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Maybe it was divine providence that the Beach Boys’ “Be True to Your School” came on my iTunes shuffle while I was reading the first draft of an article for this week’s issue of Vox. After all, I was dealing with a Catholic school, and the big guy upstairs has a way of picking just the right song.
But let’s not start there. Let’s go back to August, when I first got the gig of Insight department editor for Vox.
The idea of writing about Father Tolton Catholic High School came from two sources:
- For one of my first news writing course assignments in college, I wrote about how Tolton was going to open despite closings of Catholic schools around the country.
- I was a Catholic school kid through fourth grade. Granted, I didn’t get as far as others I know (our beat leader attended Catholic school all the way through college), but being part of the small religious community of St. Mary’s Parish School in West Chicago, Ill. shaped me in ways that public school never would. For one, I have excellent penmanship. For another, my faith is in tact and I strive to be the same Christian girl they encouraged me to be at age 9.
“The Tolton Transition” started with a question: what is it like to transfer from a public junior high to a Catholic private school? The switch from grammar to high school is one of the biggest transitions, seconded only by moving seven hours away to college. Now imagine that one institution is completely different from the one you’ve been to all your life, with new people, curriculum and policies.
Now add in that the high school has only been open two years. Voila: it’s a transition unique to Tolton. Soon, the idea blossomed from a single article to a package of stories covering the students, the football team and its coach. Around the magazine office, the project became known as “Kate’s Baby.”
Tolton’s counselor Carole Riesenberg was immensely helpful throughout the entire process of writing the story and arranged a roundtable for me and the reporter, Tyler McConnell. We talked with eight kids who had nothing bad to say about their school. At all. I mean, in high school I complained about everything from the teachers to the color of the walls (or, at least at Glenbard North High School, the lack of windows).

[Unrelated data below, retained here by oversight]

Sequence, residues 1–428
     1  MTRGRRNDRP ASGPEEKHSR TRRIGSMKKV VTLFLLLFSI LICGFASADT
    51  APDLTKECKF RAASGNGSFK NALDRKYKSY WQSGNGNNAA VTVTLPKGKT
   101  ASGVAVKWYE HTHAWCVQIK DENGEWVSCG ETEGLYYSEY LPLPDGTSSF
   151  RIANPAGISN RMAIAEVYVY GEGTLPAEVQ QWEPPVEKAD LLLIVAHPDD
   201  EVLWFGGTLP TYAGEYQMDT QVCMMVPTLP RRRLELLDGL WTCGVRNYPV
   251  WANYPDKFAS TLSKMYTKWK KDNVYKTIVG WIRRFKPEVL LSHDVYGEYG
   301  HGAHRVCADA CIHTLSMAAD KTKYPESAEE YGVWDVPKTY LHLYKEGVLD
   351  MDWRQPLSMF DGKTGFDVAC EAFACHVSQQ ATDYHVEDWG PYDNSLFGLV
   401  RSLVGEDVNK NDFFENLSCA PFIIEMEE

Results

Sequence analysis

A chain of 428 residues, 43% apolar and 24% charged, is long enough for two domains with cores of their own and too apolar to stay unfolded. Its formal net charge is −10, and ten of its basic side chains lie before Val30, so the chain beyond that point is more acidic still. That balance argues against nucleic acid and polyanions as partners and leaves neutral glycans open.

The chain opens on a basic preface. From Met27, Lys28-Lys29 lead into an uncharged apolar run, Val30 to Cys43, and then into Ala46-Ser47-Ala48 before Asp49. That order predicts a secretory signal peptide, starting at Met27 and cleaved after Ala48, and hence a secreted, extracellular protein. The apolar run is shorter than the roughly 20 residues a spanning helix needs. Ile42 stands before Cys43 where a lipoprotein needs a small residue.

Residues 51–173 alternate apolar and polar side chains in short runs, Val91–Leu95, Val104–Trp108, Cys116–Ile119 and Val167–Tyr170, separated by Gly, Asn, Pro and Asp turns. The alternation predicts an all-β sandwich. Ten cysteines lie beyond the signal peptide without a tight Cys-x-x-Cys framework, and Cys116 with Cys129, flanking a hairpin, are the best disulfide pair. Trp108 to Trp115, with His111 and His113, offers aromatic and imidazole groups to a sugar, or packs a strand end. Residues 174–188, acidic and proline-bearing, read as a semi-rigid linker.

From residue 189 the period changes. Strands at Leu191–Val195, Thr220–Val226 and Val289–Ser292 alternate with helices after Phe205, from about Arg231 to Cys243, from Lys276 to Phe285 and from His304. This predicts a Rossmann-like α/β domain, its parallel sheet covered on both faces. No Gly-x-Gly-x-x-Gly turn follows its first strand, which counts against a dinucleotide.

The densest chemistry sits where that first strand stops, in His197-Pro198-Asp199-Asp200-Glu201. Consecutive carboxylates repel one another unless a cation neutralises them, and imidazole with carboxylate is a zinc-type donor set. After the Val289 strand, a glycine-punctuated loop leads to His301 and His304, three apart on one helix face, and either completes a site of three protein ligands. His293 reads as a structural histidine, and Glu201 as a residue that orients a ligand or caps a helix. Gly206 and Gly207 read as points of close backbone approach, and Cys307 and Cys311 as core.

And this is when we get back to the Beach Boys. I was a little bummed after the interview because as a journalist, I’m always looking for three or four sides to a story. Sure, the diversity of students — in age, faith, school background — gave multiple perspectives, but I hadn’t heard anything that made the school seem anything but, well, heaven on Earth. I wasn’t digging up dirt, but I wasn’t going to be Tolton’s personal public relations agent, either.
But then that song came on, and I started realizing that Tolton’s students are spirited because Tolton is their baby, just like the package we put together was my baby, my inception. The sophomores and juniors have almost absurd amounts of spirit for their school because they’re the creators, and the freshman after them match that spirit because they know they’re going to be passed the Tolton torch once the originators have graduated.
That’s a beautiful thing, if you ask me.
But will it last? In ten years, will Tolton students be as gung-ho and excited about lunches, uniforms, football, homework, teachers, religion classes, service projects and the like?
That’s a project for the Vox staff of 2022, and I look forward to reading all about it.
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